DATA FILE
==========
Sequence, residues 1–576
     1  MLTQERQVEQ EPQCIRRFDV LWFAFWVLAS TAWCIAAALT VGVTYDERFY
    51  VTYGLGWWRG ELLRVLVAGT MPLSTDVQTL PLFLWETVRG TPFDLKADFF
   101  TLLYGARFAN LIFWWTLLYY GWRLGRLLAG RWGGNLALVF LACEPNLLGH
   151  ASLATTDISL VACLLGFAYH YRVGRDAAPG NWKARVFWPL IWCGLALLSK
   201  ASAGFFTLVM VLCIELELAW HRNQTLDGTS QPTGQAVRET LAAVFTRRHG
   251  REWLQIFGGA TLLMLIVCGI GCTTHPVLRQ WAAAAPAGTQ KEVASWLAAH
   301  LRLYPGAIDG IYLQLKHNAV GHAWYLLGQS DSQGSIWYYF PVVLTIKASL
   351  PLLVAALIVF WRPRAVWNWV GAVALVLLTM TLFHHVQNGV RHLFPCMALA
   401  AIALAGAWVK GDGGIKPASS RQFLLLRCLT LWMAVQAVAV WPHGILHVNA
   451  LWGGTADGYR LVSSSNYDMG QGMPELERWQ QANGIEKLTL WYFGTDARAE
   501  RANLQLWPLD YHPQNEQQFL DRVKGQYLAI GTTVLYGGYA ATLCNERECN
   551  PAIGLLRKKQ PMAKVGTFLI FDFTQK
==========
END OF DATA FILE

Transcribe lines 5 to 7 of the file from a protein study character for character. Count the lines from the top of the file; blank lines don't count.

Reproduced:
   151  ASLATTDISL VACLLGFAYH YRVGRDAAPG NWKARVFWPL IWCGLALLSK
   201  ASAGFFTLVM VLCIELELAW HRNQTLDGTS QPTGQAVRET LAAVFTRRHG
   251  REWLQIFGGA TLLMLIVCGI GCTTHPVLRQ WAAAAPAGTQ KEVASWLAAH